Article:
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Walter Gropius (Bauhaus Manifesto, 1919): ‘Together we will want, think up, and create the new building of the future, which will be everything in one shape: architecture and sculpture and painting which from millions of hands of craftsmen will rise once towards the heavens as a crystal symbol of a new coming belief.’

Sony Tower (1976)

Kisho Kurokawa is a Japanese architect/town planner most well known for the Nakagin Capsule Tower (1972) and the Sony Tower (1976). He is of interest to me (and should be to everyone) as his concepts make him a predecessor of ‘fluid’ architecture, which is endlessly updated by the occupants’ lifestyle/work, technological developments and the property market. He founded the Metabolist movement in 1960, the key principle being Symbiosis. Moving away form the centralised prototype of the European city (centralised squares for example), it was a radical vision of cities without centres, a web of decentralised cells or modules. Metabolism proposed building spaces and structures in relation to metabolistic structures, which constantly undergo the process of growth, change, circulation and recycling. It was a Symbiosis of culture, design and nature (a biological, relative and variable model) versus Modernism (a mechanical, industrial model). His description of the future of architecture was Abstract Symbolism, the abstract being the global, information society we now live in and the symbolism reflecting local beliefs and culture. Sorry for the long quote below but he makes some really valid points in regards to modernism.

Kurokawa on Bauhaus and Modernism: ‘Bauhaus was a reform movement which introduced Modernism into architecture. It was directed against the then academism, which was dominated by neoclassicism. They continued to fight against the academism as such and in the end their style dominated the architecture of the following period such that Bauhaus itself has now become an academism. Today we present-day architects fight against the new academism or Modernism, which really has become over powerful. This is because with my symbiotic thinking I oppose the fact that the so-called International Style that arose from modernism has to be carried over everywhere throughout the world independent of the culture of the particular country, right into the last jungle.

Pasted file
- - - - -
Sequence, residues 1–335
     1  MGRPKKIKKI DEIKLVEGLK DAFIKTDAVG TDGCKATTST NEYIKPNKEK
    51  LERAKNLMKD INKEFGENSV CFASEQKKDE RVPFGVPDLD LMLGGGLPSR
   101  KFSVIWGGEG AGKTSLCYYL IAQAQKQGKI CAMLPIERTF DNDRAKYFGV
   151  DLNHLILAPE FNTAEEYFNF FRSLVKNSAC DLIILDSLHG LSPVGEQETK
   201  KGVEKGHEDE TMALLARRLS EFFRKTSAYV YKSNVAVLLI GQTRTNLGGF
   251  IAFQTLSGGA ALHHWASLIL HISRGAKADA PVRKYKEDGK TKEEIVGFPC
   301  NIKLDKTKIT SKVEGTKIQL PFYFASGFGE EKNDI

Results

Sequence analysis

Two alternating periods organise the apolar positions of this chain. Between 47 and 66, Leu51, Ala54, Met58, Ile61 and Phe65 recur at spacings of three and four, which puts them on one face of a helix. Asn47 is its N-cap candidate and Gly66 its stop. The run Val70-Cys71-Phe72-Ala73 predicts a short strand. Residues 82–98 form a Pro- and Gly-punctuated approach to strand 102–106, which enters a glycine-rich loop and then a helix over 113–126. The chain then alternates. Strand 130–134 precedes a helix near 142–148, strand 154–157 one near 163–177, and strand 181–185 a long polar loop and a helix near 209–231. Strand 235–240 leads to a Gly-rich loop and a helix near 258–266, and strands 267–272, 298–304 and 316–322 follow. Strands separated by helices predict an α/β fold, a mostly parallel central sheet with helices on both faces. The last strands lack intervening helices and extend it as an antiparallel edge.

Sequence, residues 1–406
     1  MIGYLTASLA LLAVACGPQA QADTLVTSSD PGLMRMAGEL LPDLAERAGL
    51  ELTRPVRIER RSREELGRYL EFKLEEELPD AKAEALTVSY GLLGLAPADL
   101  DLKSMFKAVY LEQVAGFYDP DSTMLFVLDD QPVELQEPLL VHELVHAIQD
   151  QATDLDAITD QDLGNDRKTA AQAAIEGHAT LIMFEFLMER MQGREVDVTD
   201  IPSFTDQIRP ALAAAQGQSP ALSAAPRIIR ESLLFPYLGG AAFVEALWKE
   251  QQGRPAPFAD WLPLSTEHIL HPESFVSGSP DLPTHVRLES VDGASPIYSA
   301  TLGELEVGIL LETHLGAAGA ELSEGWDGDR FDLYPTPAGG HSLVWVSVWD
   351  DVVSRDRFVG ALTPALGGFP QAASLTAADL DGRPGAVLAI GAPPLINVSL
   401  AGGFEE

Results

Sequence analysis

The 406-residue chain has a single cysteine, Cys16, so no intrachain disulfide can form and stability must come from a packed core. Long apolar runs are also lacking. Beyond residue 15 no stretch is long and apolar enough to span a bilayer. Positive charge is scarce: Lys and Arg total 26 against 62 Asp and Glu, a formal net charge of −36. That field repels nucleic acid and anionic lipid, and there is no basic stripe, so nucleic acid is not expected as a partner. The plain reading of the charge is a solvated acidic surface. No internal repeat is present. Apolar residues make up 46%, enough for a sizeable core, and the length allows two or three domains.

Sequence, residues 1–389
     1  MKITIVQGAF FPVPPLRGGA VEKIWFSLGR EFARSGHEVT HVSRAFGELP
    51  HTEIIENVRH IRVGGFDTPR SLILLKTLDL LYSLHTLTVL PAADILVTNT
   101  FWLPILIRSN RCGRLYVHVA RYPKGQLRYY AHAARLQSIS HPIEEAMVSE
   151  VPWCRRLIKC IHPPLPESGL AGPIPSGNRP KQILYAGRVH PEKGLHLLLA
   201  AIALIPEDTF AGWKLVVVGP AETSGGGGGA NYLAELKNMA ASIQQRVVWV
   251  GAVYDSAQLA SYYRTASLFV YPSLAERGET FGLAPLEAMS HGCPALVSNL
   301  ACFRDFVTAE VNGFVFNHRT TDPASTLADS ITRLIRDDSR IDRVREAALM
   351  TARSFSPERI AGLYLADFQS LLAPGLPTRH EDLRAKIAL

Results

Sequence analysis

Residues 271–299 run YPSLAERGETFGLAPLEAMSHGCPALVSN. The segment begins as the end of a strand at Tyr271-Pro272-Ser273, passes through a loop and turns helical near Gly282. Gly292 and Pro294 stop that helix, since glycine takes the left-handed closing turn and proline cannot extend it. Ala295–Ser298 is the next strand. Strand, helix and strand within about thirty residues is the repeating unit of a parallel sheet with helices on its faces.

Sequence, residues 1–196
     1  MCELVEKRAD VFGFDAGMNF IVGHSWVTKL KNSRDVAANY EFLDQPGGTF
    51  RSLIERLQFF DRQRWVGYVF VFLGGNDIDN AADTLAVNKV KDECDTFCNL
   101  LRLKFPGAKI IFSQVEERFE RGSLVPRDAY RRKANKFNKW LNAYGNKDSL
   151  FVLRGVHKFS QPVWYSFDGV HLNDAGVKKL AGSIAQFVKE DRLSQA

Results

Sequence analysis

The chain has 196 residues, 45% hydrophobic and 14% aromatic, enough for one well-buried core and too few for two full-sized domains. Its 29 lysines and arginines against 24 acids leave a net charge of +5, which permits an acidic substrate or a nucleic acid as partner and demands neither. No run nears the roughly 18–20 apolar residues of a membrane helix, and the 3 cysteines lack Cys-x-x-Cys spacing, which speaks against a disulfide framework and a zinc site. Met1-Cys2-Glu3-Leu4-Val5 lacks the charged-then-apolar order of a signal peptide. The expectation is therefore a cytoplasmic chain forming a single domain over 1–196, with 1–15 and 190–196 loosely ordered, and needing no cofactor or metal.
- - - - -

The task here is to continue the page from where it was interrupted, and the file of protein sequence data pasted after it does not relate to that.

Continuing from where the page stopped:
What academism did later incorporate from Modernist architecture was simply the construction style, which was then spread world-wide in the next generation in the name of Modernism and the International Style. However, that was fundamentally industrialism, having little in common with the original Bauhaus. Since then, this industrial style determines 99% of public buildings, as you can see there outside the window.’

Nakagin Capsule Tower (1972)

The modular construction of the Nakagin Capsule Tower was the world’s first example for capsule architecture built for actual use. Prefabricated capsules were attached or plugged into two circulation towers with built in stairwells and elevators, making it possible to exchange, replace and convert the components according to need. From the outside, the tower looks like a bunch of giant washing machines stacked together or a space station somewhere far away. The interior gives one the feeling of being in a submarine or a space capsule but the important point to consider here is the lack of space in most urban environments. Of course, looking at these structures today, they seem in a state of disrepair even though the highest-level technology and materials were used so the concept hasn’t taken off entirely. The design and feel might seem monotonous but it is the concept of individual elements linked to a single, asymmetrical, free form, growing structure that sticks in the mind.

Kisho Kurokawa: ‘The architecture of Metabolism was based on the image of a living cell. That image encompasses notions of growth, division, exchange, transformation, autonomous parts, deconstruction, temporariness, recycling, rings ad a dynamic stability. Capsule architecture was an architectural expression of the living cell.’

Of course, Kurokawa has been involved in many other projects worth discussing, especially the relationship between architecture and nature in his work. Or man made ‘second nature’, an intermediary space where the indoors and outdoors, past and present and universal and local meet. I think his ideas are very relevant in the 21st century and beyond, particularly the notions of cultural identity and sustainability. I haven’t read it but Kurokawa’s book ‘Each One a Hero: The Philosophy of Symbiosis (1997)’ seems to be the book to get if you want to delve any further.




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